Freeman Spogli Institute. This Internet Guide presents annotations of Web sites that address generally the issue of traditional Japanese music and sites that focus on particular instruments koto, shakuhachi, shamisen, and taiko. Music plays a large role in the traditional dramatic arts of kabuki and noh, so the guide concludes with annotations of sites addressing these art forms. The article suggests that Japanese traditional music is quite varied.
The history of traditional music in Japan is rich and varied. Many musical forms were imported from China more than a thousand years ago, but over the years, they were reshaped into distinctively Japanese styles of expression. Instruments were adapted and newly created to meet local needs, and the most important of these were the shamisen , shakuhachi , and koto. The shamisen resembles a guitar; it has a long, thin neck and a small, rectangular body covered with skin. It's got three strings, and the pitch is adjusted using the tuning pegs on the head, just like a guitar or violin. The strings aren't plucked with the fingers; a large triangular plectrum is used to strike the strings.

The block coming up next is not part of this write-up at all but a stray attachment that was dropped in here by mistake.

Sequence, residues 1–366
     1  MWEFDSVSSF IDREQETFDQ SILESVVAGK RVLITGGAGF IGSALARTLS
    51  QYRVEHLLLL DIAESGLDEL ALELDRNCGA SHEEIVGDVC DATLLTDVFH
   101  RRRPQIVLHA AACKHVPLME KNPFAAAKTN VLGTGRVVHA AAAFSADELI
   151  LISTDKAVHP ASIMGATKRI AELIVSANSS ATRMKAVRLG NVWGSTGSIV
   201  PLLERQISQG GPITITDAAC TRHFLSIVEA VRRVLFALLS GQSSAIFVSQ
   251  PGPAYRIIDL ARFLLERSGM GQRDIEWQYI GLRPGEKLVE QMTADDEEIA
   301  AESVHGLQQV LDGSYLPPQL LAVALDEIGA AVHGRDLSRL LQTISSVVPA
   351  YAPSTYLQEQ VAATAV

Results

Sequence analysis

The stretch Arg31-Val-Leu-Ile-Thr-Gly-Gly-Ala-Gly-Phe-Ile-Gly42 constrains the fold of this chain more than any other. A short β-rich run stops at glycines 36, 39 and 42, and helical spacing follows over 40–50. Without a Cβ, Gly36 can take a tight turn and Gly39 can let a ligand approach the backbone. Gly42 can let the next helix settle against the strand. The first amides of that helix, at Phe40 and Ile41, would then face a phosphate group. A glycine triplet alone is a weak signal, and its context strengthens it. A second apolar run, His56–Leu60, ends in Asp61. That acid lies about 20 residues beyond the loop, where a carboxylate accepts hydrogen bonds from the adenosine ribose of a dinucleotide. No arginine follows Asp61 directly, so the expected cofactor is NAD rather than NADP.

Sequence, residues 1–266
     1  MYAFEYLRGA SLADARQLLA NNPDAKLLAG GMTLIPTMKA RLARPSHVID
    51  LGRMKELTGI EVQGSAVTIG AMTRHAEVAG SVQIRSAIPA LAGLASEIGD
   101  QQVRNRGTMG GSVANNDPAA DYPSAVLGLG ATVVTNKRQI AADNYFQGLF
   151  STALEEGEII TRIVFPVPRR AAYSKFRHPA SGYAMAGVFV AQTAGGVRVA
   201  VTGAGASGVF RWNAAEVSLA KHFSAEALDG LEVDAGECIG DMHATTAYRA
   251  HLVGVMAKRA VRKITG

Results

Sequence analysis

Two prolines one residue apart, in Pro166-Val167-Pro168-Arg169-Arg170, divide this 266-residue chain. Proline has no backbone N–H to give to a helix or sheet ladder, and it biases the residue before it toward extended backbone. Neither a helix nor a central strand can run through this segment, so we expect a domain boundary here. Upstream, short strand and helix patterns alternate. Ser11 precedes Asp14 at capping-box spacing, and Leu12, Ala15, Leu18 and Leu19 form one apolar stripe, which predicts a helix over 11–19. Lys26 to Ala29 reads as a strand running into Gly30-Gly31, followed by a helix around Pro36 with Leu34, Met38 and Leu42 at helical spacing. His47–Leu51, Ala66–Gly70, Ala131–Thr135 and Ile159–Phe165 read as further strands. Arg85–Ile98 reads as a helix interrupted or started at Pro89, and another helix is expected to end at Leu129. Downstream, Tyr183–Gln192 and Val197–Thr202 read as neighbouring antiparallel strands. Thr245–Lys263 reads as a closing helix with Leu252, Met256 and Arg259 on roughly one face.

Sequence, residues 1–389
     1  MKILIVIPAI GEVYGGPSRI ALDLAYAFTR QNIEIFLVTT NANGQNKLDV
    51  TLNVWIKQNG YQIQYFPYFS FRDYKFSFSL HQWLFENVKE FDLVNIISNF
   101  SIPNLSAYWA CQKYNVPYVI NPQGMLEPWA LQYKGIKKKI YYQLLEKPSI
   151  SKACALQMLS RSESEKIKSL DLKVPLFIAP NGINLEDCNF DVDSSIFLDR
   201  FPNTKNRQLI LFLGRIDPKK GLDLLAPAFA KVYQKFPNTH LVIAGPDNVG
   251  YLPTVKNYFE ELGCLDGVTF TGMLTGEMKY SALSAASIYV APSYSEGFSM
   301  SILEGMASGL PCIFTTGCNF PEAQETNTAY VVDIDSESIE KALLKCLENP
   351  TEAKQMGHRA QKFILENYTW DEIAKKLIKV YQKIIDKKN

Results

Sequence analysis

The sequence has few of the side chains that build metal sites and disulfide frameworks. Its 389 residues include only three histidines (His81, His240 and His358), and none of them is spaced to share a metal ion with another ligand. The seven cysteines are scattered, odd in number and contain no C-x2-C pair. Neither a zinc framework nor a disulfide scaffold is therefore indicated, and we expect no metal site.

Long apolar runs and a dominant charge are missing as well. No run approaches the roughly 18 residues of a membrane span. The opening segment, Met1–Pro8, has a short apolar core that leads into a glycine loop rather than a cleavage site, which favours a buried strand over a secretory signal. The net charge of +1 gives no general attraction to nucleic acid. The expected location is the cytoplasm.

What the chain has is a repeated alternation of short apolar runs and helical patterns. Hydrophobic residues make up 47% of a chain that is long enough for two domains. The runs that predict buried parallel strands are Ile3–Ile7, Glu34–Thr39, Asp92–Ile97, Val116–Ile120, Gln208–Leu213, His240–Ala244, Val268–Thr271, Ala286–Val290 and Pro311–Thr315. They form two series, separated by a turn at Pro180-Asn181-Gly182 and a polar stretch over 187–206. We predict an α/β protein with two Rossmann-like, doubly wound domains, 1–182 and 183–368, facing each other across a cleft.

Traditional Japanese music usually refers to Japan's historical folk music. One of the defining characteristics of traditional Japanese music is its sparse rhythm. Regular chords are also absent. It is impossible for a person to beat time to the music.
It has been noted that certain styles of samisen music had been able to create concert repertoires disconnected from dance or party accompaniment. Koto teachers and composers also flourished, and biwa music began to return along with court music, paralleling the restoration of imperial power. The most-devastating effect of the restoration on the arts was the canceling of monopoly privileges previously held by the various guilds, including those in the music fields.